At Least 38 Million Have Been Displaced by Post-9/11 Wars Waged by U.S: Report

At least 38 million people have been displaced from their homes due to the wars waged by the U.S. since 2001, according to a new report.

Millions have fled airstrikes, bombings, drone attacks and for other reasons during wars the U.S. military has launched or participated in since former president George W. Bush declared a global war on terror in the aftermath of the September 11, 2001 attacks, according to a recently updated report by David Vine, a professor of anthropology at American University in Washington, D.C., and several of his students for Brown University's Costs of War 2020 project .

Some have left after their homes were destroyed and livelihoods threatened, while others escaped forced evictions, death threats, and large-scale ethnic cleansing, the report said.

20 years of US war in #Afghanistan has displaced at least 5.9 million #Afghans, among total 38 million displaced in US's 8 most violent post-9/11 wars. Graphic + pdf update @CostsOfWar report I wrote w/ 6 great @AmericanU students https://t.co/gzC3m45GOV pic.twitter.com/imtGpswK6z

— David Vine (@davidsvine) August 23, 2021

An update to the report in August 2021 estimates that at least 38 million people in and from Afghanistan, Iraq, Pakistan, Yemen, Somalia, the Philippines, Libya and Syria have become refugees or been internally displaced within their own country.

But the report notes that the estimate is a "very conservative" one, and the true total could be as high as 60 million.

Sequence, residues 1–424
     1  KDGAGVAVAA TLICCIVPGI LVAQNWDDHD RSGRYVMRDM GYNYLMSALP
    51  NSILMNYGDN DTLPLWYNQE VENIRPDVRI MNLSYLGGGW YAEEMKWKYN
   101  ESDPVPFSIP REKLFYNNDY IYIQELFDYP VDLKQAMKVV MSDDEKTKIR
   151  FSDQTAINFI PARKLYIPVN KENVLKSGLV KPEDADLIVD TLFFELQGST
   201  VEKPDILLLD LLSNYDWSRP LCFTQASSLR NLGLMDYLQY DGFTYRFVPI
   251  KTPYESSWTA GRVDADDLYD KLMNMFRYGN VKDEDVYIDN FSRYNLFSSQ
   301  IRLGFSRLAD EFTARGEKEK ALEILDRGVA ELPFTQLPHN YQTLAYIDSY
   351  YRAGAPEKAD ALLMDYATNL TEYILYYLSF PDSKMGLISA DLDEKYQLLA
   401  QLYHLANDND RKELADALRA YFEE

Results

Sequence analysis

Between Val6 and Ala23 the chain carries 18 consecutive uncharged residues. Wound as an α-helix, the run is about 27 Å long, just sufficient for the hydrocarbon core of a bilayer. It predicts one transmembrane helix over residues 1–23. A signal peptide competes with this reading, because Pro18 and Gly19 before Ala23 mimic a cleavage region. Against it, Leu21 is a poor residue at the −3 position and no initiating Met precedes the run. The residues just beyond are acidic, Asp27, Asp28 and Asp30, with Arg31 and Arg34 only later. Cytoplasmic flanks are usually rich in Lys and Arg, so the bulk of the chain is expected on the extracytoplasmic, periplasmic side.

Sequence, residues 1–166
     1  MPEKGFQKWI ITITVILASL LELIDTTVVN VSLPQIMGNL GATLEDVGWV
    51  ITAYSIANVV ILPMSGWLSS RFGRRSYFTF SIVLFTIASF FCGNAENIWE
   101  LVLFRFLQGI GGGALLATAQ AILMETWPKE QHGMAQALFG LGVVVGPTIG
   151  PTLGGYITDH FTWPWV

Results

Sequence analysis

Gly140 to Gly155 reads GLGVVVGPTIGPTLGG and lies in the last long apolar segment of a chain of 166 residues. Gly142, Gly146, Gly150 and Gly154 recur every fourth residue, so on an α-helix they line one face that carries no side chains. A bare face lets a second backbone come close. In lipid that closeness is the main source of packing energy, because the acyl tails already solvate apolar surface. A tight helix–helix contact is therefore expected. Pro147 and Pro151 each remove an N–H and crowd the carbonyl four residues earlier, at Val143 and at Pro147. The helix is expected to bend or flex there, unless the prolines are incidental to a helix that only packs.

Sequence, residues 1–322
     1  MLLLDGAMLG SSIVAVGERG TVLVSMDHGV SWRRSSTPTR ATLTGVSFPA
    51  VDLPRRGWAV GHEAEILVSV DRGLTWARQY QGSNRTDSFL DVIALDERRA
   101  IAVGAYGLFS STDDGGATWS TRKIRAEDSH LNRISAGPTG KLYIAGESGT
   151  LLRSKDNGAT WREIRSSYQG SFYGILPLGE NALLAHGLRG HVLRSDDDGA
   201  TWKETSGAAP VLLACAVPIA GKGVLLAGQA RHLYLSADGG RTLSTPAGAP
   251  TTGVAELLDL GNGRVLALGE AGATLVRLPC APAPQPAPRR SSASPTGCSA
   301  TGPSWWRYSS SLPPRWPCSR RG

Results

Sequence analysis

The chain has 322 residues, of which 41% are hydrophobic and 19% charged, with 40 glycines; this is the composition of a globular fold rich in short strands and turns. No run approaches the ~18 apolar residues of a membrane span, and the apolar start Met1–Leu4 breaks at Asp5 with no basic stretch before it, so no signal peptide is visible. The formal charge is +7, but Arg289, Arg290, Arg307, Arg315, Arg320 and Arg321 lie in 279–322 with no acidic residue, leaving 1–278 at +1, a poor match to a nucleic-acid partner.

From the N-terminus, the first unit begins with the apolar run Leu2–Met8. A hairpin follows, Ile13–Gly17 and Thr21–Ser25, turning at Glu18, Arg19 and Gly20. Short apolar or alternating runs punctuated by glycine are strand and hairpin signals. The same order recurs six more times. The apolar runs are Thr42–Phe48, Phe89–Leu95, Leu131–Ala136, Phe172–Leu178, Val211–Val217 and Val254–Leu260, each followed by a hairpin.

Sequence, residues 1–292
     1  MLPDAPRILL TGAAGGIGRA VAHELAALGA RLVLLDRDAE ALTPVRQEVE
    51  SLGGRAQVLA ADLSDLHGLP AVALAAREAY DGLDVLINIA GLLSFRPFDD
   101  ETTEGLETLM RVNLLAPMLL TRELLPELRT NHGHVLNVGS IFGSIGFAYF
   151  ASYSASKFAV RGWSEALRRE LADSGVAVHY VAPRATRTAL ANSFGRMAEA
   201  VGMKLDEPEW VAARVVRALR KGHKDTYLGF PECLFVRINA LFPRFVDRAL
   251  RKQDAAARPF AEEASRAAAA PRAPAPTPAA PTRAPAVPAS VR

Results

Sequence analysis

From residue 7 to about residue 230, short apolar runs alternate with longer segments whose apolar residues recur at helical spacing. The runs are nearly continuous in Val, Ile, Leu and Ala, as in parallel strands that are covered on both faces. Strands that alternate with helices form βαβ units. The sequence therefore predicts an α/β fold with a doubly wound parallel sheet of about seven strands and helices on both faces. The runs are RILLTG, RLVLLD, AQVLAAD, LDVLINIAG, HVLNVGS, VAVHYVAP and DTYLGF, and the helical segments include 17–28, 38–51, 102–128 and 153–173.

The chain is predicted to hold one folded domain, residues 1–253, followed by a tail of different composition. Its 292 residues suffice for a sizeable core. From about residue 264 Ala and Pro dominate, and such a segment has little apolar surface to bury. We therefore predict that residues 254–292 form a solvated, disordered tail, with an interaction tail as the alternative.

Still, the report states that the 38 million figure exceeds the number displaced by every war or disaster since the start of the 20th century, bar the Second World War.

The two-decade war in Afghanistan, which came to a stunning end with the Taliban's swift takeover of the country earlier in August, displaced some 5.9 million people, with around a third becoming refugees or asylum seekers in another country, according to the report.

"Right now, we're witnessing a mass displacement event," Vine told Newsweek. "Even prior to the last week, there were 30,000 people fleeing their homes per week in Afghanistan. Almost surely that rate has increased in the last week."

Displaced Afghans look through a fence
Displaced Afghans look through a fence at a makeshift IDP (internally displaced person) camp in Shahr-e Naw park to various mosques and schools on August 12, 2021 in Kabul, Afghanistan. Paula Bronstein/Getty Images

The number of people displaced in and from Afghanistan is topped by the 9.2 million people from Iraq who have been displaced since the U.S. invaded the country in 2003. Another 7.1 million people have been displaced in and from Syria since 2014.

The report states that around 26.7 million people have returned after being displaced. But it adds that return "does not erase the trauma of displacement or mean the displaced necessarily have returned to their original homes or a secure homes."

Children who were born in displacement who follow their parents home are also among those counted as "returnees," the report notes.

And the report also notes that while the U.S. has accepted hundreds of thousands of refugees, the vast majority have been taken in by countries in the greater Middle East.

"I think in the United States in particular, there's been far too little attention to the human impact of the war in Afghanistan and the other post-9/11 wars," Vine said.

"That's part of why we think that among the other effects, people have to pay attention to the mass displacement that's been going on for the last 20 years. We have a responsibility to repair some of the damage. Assisting refugees and internally displaced people who have fled their home is an important starting point."

Vine has been calling for the U.S. to accept a million Afghan refugees over the next decade.

"To some, that may sound impossible and foolhardy," he said. "But the United States accepted more than a million Vietnamese refugees over a series of years following the end of the U.S. war in Vietnam.

"A million is sort of a minimum that we should be responsible for resettling, given the damage that our war has caused in Afghanistan."

UPDATE 8/28/21 11:15 a.m. ET: This article has been updated with additional comments from Vine.